The American concept of dating originates in high school – complete with prom and making out in the backseat of a car. In Sweden, in comparison, kids can’t get their driving licenses until age 18 but parents sanction co-ed sleepovers.

The American rules of the dating game are quite straightforward: Guy asks girl on date, girl says yes if she doesn’t find guy’s shoes objectionable, guy takes girl out to dinner, girl interviews guy about his occupation and future earnings prospects, guy pays for dinner, guy walks girl to front door, girl invites guy in if he successfully passed the test.

All of the above goes out the window when it’s time to start dating in Sweden. It’s not entirely clear who is supposed to take the initiative, who is supposed to pay and what is supposed to happen at the end. Usually, you give up trying to figure out the answers to these questions and just let the alcohol make all of the decisions.

There is, of course, the infamous “fika,” which is having coffee with someone, but it could also be a date in disguise. The ambiguous nature of the affair means that even if you know it’s a date, you’re not so sure that he knows it’s a date. After three such fika occasions, I stopped seeing one guy as he didn’t seem interested (and we had run out of things to talk about after discussing the Stockholm housing market to death).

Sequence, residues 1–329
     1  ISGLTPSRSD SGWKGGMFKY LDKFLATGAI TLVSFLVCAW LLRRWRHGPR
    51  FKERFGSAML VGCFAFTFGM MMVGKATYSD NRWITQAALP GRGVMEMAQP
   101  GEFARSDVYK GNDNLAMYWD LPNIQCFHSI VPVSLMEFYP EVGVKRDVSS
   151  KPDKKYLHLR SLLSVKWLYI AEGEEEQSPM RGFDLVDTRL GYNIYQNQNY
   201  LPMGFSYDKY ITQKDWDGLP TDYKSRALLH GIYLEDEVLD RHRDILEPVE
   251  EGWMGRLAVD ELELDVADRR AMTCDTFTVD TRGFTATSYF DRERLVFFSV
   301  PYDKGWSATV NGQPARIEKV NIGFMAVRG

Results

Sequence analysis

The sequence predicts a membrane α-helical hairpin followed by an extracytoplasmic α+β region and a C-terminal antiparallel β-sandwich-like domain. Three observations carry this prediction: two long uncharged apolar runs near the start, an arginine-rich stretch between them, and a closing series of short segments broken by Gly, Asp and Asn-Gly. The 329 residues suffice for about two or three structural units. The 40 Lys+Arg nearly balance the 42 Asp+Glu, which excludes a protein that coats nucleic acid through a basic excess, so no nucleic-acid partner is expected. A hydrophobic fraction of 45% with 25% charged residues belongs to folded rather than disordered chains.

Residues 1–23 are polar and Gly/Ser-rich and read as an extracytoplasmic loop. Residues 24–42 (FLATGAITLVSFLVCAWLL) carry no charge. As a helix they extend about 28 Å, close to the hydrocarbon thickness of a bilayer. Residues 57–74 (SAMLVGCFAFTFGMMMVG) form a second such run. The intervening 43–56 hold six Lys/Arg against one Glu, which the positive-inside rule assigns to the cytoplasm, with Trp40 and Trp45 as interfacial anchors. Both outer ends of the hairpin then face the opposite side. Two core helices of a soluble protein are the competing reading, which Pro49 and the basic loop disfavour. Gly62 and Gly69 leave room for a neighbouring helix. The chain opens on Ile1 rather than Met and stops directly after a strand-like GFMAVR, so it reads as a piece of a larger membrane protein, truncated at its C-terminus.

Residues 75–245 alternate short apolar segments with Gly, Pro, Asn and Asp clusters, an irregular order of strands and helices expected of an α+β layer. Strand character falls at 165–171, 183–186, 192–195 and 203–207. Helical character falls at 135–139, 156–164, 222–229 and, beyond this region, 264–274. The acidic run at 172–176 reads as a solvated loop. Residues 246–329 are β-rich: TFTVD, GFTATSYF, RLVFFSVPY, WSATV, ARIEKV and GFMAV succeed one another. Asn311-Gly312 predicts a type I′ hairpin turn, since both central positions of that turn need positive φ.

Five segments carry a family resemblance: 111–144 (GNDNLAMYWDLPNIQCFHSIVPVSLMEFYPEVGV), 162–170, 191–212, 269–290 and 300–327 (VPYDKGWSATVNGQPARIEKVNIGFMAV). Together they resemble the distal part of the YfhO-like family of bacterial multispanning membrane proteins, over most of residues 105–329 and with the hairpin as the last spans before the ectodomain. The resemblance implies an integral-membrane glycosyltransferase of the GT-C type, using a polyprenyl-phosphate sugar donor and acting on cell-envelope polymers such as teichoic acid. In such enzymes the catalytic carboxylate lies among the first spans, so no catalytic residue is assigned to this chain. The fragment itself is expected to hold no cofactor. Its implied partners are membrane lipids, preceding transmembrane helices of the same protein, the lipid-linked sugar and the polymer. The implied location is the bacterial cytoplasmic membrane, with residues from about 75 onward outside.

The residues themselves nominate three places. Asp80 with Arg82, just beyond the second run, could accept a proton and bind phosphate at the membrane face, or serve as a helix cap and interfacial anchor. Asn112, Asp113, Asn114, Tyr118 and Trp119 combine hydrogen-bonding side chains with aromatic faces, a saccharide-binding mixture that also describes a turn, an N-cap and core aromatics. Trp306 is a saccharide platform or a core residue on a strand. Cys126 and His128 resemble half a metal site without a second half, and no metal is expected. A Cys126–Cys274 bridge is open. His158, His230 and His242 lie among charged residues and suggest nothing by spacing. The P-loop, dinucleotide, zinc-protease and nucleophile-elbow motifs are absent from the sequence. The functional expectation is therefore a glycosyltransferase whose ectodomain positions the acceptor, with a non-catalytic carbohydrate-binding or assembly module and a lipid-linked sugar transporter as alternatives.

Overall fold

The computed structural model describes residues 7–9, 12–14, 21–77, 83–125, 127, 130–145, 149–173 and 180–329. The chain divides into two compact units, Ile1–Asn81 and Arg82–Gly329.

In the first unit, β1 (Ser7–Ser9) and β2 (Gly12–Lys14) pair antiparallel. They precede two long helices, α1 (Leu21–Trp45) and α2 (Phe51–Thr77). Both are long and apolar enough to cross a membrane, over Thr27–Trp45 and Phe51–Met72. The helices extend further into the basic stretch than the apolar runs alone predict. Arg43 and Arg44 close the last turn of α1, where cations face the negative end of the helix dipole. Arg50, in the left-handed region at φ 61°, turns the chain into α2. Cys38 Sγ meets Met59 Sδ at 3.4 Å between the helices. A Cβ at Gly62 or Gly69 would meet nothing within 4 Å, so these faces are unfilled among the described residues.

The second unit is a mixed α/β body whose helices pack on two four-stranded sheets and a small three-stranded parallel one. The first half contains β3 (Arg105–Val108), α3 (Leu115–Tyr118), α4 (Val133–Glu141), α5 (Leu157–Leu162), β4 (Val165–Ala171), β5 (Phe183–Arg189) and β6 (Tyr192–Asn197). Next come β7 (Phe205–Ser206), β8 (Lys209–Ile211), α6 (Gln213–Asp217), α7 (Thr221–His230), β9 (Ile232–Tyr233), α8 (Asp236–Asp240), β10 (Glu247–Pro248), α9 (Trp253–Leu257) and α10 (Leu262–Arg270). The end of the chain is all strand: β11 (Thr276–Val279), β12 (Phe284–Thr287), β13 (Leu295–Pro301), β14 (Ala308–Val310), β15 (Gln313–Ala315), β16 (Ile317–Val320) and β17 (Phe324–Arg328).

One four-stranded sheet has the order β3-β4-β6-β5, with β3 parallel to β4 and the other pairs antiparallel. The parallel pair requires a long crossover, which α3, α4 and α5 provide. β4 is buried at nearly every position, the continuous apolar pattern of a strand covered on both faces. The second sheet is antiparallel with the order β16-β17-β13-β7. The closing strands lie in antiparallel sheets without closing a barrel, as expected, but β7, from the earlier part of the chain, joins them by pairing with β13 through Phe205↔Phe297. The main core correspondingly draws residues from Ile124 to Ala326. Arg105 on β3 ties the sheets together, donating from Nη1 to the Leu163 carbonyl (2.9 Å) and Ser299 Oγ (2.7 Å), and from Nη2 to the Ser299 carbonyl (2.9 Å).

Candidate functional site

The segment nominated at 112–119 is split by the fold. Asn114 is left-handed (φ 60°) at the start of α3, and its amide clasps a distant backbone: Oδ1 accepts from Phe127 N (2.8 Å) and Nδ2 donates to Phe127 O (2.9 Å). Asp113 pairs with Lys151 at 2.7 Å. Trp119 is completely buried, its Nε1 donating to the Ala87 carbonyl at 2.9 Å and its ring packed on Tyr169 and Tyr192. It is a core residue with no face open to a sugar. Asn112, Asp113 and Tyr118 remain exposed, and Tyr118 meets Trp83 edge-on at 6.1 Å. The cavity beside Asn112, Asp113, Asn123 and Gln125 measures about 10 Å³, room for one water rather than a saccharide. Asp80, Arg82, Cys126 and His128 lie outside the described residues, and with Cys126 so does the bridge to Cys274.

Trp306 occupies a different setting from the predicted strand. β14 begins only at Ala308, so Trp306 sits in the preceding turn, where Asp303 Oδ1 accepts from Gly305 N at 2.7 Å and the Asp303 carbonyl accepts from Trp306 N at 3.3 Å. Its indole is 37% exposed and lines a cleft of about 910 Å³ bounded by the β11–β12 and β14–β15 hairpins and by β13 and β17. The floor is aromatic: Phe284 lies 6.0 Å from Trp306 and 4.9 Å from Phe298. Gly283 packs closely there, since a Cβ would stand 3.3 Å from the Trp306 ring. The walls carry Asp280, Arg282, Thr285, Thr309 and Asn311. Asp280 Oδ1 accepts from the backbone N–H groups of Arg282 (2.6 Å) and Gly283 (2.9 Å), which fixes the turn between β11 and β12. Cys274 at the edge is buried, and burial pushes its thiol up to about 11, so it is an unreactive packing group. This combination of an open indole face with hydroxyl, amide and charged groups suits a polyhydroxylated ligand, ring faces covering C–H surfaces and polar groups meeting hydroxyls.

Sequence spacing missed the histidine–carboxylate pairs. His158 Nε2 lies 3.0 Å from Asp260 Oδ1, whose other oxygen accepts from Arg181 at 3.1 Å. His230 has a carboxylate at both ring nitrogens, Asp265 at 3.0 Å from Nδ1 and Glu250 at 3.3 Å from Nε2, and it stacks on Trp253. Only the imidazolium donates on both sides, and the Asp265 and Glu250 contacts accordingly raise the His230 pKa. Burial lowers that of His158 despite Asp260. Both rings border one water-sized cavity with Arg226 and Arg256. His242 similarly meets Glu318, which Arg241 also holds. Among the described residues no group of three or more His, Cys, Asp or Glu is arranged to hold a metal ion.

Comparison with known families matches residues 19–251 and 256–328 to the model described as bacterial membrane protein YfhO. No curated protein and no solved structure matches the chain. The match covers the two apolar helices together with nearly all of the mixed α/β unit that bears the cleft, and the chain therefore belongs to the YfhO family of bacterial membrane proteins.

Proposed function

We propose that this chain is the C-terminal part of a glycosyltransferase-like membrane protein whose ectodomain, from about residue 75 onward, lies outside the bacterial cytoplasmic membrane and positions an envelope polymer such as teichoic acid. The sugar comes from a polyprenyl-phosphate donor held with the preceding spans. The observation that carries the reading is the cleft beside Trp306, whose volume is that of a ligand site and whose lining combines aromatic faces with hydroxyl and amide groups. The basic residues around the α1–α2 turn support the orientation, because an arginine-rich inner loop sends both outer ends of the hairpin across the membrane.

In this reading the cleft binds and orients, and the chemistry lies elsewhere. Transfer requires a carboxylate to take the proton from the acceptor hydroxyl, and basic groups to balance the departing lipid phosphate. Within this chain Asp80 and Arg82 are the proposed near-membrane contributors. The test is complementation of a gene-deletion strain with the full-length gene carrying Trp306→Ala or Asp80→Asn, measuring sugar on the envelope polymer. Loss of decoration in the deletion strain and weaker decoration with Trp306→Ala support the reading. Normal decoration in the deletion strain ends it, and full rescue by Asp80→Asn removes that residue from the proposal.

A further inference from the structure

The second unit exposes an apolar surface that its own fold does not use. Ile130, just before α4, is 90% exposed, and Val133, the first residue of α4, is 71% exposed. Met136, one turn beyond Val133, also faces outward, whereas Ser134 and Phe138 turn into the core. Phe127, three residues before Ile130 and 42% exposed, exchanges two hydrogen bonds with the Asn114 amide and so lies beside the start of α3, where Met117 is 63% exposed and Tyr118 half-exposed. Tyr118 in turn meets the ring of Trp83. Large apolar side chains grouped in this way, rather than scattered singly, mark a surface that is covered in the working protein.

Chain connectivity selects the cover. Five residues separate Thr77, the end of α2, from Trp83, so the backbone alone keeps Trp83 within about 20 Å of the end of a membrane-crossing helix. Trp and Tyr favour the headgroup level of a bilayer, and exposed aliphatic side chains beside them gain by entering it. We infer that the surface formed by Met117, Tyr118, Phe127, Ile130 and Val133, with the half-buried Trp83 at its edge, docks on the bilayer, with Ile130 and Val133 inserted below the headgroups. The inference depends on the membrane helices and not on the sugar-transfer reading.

We stayed friends, and I found out months later that he had liked me – but just hadn’t done anything about it. While there are benefits of removing traditional gender roles in dating, such as making it more socially acceptable for girls to take the initiative, it becomes problematic when neither party is sure who should make the first move.

I’m afraid I’ve painted a rather dreary picture of dating in Sweden. But never fear, I’ve heard rumours that romance without beer goggles actually occurred sometime in the middle of the 20th century.

One strategy for finding love in Sweden is to embrace all available technologies. Entire relationships are conducted by SMS. Just like you can file your income taxes and get a loan with your mobile phone, you can now practically get married and divorced by SMS.

The Internet is another effective way to connect with the Swede of your dreams. Online dating is perfectly socially acceptable, but be beware of anyone who calls himself “SwedishCowboy4U” and offers to show you his chaps. And remember that the advanced search allows you to filter out anyone who is stupid enough to describe himself as a balding middle-aged man with two ex-wives, six children and 11 toes.

And the first time you “gå på dejt” with someone who doesn’t fancy himself to be a Nordic John Wayne, go armed with a six pack of big strong ones – all in the hope of finding a big strong one of your own.

And as for me? Well, I may not be the best person to ask for advice about how to wrangle and hogtie the elusive Swedish male. After three years of prowling the Stockholm “dejting” scene, I met an American, 3000 miles away from home.

Isabel March


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Paul Rapacioli (paul.rapacioli@thelocal.com)